Sataida scoffed haughtily at the comment. “I say to hell with him, then. I'll learn to make a living for myself here and leave on my own.”
Upon hearing her, Screws reflected briefly about how hard that would be. The day before, Hunter had had them spar with each other after teaching them some very basic hand-to-hand moves, and had demanded them to be rough on each other—and when they failed to do that, he had showed them exactly how he wanted them to fight. The hard way.
“I get it, about training with her... but hitting her?” he had objected just once.
Then the tall man had shoved her aside and attacked. It had been like fighting a tidal wave. As he had warned him, he stopped just short of choking him. Then he pitilessly admonished him: “Those meaning her harm won't be as chivalrous. So stand up and fight her.”
And he had tried, but most of the time she had had an edge over him. Sataida had no such compunctions: if something was to be said about the girl was that she had determination in spades. She had grimly nodded at Hunter's command and hurled herself at him, her assaults sloppy, but vicious. But neither could fight for more than fifteen minutes.
“You are both out of shape. You will carry extra loads from now on. And I want you to be able to fight for another five minutes within a week. Now go and eat.”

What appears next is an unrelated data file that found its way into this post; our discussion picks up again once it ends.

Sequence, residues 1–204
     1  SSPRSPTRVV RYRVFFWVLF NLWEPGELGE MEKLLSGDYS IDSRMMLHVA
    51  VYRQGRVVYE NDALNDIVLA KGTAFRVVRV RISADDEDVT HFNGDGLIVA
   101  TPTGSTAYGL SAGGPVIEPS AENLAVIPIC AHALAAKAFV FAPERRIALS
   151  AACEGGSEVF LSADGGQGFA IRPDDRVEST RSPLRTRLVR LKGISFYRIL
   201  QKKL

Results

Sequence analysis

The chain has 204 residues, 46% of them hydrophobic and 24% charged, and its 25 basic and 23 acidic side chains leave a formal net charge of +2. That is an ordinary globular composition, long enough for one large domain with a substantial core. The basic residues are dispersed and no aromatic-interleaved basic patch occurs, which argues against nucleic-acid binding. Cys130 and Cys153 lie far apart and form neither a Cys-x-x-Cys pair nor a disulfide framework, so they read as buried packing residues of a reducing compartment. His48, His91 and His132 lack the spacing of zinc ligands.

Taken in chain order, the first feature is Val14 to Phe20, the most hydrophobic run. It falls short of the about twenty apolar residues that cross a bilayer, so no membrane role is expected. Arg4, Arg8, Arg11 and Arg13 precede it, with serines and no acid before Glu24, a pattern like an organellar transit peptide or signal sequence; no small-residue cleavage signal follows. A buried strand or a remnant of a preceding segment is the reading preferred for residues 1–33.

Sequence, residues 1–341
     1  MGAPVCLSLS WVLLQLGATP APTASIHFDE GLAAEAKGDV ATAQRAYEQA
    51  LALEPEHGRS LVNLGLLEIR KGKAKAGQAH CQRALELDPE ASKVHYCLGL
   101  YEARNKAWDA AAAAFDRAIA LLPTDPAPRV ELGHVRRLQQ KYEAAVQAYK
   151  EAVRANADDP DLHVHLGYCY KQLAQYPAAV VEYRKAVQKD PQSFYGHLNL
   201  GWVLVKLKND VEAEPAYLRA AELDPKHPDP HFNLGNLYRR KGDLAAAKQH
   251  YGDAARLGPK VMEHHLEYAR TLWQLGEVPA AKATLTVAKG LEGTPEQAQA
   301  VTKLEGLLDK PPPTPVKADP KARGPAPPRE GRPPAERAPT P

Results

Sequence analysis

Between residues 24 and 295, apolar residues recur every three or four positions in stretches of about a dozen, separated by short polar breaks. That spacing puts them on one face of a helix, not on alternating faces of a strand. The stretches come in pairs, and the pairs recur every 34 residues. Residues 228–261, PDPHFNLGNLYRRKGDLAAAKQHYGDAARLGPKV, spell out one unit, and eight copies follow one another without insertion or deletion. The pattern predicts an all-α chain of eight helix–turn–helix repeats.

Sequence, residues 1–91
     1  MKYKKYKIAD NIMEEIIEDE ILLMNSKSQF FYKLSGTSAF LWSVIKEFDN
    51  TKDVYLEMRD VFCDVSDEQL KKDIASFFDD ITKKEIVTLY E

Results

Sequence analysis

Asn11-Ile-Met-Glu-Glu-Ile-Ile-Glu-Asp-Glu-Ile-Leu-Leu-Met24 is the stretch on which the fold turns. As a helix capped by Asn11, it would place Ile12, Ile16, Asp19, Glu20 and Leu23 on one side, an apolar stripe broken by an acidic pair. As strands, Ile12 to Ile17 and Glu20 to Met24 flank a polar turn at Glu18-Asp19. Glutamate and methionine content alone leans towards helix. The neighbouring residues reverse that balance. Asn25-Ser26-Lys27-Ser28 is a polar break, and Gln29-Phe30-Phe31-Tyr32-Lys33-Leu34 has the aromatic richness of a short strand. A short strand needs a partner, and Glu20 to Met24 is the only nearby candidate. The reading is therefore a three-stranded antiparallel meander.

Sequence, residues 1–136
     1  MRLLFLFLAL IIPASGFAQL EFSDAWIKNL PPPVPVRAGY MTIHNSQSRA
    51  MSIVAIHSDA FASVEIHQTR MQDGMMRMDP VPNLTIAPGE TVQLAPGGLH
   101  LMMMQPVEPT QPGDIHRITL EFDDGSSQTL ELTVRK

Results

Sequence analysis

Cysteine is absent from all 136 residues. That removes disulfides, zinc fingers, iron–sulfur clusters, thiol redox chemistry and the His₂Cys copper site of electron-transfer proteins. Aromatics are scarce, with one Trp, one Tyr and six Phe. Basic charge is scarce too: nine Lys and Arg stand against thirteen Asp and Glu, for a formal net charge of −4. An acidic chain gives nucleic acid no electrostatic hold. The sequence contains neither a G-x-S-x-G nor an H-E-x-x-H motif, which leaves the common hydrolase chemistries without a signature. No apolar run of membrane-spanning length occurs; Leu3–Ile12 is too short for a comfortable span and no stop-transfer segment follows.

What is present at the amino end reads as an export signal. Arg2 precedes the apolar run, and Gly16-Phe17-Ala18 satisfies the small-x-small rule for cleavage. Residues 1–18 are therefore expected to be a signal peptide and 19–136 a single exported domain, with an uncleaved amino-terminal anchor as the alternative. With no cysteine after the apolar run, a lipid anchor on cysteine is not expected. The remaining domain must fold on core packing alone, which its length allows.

He had slept as if he were dead, his body aching all over. He had felt tempted to strike conversation with the girl, intensely desiring to somehow get close to her, but while she was not particularly hostile towards him, she had been totally self-absorbed in her own thoughts. Furthermore, regardless of how lovely he found them to be, he feared the stare of those huge green eyes—he felt like they could read him like a book. And Hunter had had them spar again that morning, and had paired them together that afternoon before setting off to Agroprom. He did not know whether to thank him or curse him.
Mystery was studying the base through Maxim's binoculars, hoping to see something that would make him remember a way in. Because, he was certain, he had been here before, but as usual his amnesia was in the way. He continuously felt as if the life previous to the episode that had obscured his memory had been a vivid dream, the details of which he could not recall after waking up. Only will kept him from swearing.